Events / Miscellaneous / News / Solidarity and Sisterhood

Hope for Gender Equality as Torontonians Celebrate International Women’s Day

Cree Elder Pauline Shirt and First Nations Women Drummers lead International Women’s Day march in Toronto

Article and photos by Allison Ridgway

The road to equality has been a long one for Kim Malcolmson. The 78-year-old pro-choice activist proudly continued this journey on Saturday, marching with thousands of other women and men through downtown Toronto to celebrate International Women’s Day.

“I choke up every time I come to this march and see all the people,” she says, her words almost drowned out by the sounds of chanting and drumming that fill the air. “I’m so happy I feel like crying.”

Malcolmson was one of 500 activists who joined the abortion caravan in 1970, riding from British Columbia to Parliament Hill to demand the removal of abortion from Canada’s Criminal Code. She and many of the others chained themselves to the railings of Parliament Hill, while others infiltrated the House of Commons to protest inside.

On Saturday, she carried her pro-choice banner proudly, surrounded by the next generation of feminists and activists.

Veteran pro-choice activist Kim Malcolmson (right) marches at IWD rally

Veteran pro-choice activist Kim Malcolmson (right) marches at IWD rally

“Fires are burning – We are rising – No more violence – No more abuse – Respect our bodies – Respect our choices,” read the theme for this year’s rally, which spotlighted issues facing Aboriginal women and the Idle No More movement, as well as reproductive justice and sexual abuse. The event attracted many varying organizations, however, each adding their own voices and perspectives to gender equality’s united call.

“The thing that’s unique about this rally is you’re really encouraged to self-organize and bring your own issues,” says Andrea Calver, a member of the International Women’s Day Toronto’s organizational committee. “It’s all about communities coming together and bringing their unique voices to the cause. We’re proud that it’s such a diverse march.”

Marching down Yonge St. on a busy Saturday morning, the excitement and happiness of the crowd was tangible, despite the serious topics of protest. Feelings of unity and sisterhood enveloped the procession. Marchers danced in the street, sang and beat drums as onlookers clapped and took pictures, some even joining to march along for a few blocks. Cheers erupted whenever a passing driver honked their horn in solidarity.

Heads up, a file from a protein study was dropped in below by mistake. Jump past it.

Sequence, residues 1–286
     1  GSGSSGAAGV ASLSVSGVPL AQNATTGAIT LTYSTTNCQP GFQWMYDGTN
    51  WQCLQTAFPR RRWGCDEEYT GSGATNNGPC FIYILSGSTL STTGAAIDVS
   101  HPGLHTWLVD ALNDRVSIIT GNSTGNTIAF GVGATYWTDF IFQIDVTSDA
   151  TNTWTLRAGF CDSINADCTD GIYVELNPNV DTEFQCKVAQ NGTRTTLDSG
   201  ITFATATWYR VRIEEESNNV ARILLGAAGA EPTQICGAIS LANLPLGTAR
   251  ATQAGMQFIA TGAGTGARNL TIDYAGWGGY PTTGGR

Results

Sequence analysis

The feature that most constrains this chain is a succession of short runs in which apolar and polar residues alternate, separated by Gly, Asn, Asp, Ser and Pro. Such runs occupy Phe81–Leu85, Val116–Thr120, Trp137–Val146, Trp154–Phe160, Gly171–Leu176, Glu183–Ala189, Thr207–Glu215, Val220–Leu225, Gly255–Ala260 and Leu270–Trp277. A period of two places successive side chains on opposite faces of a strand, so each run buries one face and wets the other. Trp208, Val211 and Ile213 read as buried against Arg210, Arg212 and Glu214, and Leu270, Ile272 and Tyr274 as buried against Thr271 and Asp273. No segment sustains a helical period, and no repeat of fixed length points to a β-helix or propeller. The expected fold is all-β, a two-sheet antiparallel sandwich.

Marchers dance in the streets of downtown Toronto

Marchers dance in the streets of downtown Toronto

Signe Clemente marched with her eight-year-old sister, Beryle, as part of the Filipino Centre of Toronto. It was Beryle’s first time attending the rally.

“I hope she can see that the scope of society is much larger, much less sheltered and much more diverse than her life in the suburbs,” says Clemente on why she decided to bring her sister to the rally. “I don’t want her to feel isolated as a woman of colour. I want her to grow up strong and knowing what she is fighting for.”

Signe and Beryl Clemente march

Signe and Beryl Clemente march

Although International Women’s Day was on March 8, organizers chose to celebrate on a day when more people would be free from work and school. The rally began with speeches at University of Toronto’s OISE auditorium explaining the history of the day and the issues of inequality still affecting women worldwide. First celebrated in the early 1900s by women workers fighting for equal pay and safe working conditions in New York City, the day is now an official holiday in 27 countries and nationally acknowledged in many more.

Every generation participated in Toronto's rally

Every generation participated in Toronto’s rally

In the auditorium, Cree Elder Pauline Shirt, a leader of Canada’s Idle No More movement, blessed every Women’s Day event worldwide with a prayer for universal solidarity and sisterhood.

“We may not have millions of dollars in the bank, but we can have millions of bodies on the streets,” said Toronto Health Coalition’s Julie Devaney to the crowd. A disability rights activist and author of My Leaky Body, she knows first-hand the demoralizing experiences women can have in healthcare and justice systems around the world.

Renée Knapp has marches in the rally every year. This year, she’s accompanied by a group of friends.

“I’ve always been a feminist,” she says. “I was raised to believe in myself and my strength – that I could do anything. I was surprised when society told me otherwise.”

She says she marches in the rally to help free women around the world from political and economic oppression and to remind onlookers that the patriarchy is still a near-constant presence in women’s lives.

Renee Knapp's sign saw instant popularity at the rally

Renee Knapp’s sign saw instant popularity at the rally

Lauren T., meanwhile, chose to carry a simple message with her: never let the world squash the love you have for yourself.

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“I wanted a really positive message,” she said. “Women worldwide are dealing with body image issues caused by the media and unrealistic expectations. I think we could all use a reminder sometimes of how beautiful we really are.”

The march ended with a fair at Ryerson University. The marchers linked arms and danced in a circle as a First Nations Women Drummers group beat out a rhythm and onlookers cheered.

“I feel really good marching and chanting with all of these people who feel the same way I do,” said Susan Gapka, smiling as she watched the dance. “I love meeting all these wonderful women and men fighting so hard for gender equality. It makes me see a positive future ahead for women and women’s rights.” M


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